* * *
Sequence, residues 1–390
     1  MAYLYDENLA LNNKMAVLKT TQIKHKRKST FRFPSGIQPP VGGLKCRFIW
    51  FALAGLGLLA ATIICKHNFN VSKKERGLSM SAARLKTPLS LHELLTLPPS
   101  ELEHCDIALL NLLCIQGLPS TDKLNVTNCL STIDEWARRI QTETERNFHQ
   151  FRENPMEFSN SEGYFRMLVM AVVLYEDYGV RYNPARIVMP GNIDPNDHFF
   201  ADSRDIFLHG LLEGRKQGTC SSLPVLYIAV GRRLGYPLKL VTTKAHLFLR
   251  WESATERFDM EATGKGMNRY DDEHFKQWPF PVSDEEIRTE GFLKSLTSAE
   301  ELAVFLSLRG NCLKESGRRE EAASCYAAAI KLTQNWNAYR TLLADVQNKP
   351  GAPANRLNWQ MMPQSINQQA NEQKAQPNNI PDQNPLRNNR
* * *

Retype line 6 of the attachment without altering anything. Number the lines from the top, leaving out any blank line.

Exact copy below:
   201  ADSRDIFLHG LLEGRKQGTC SSLPVLYIAV GRRLGYPLKL VTTKAHLFLR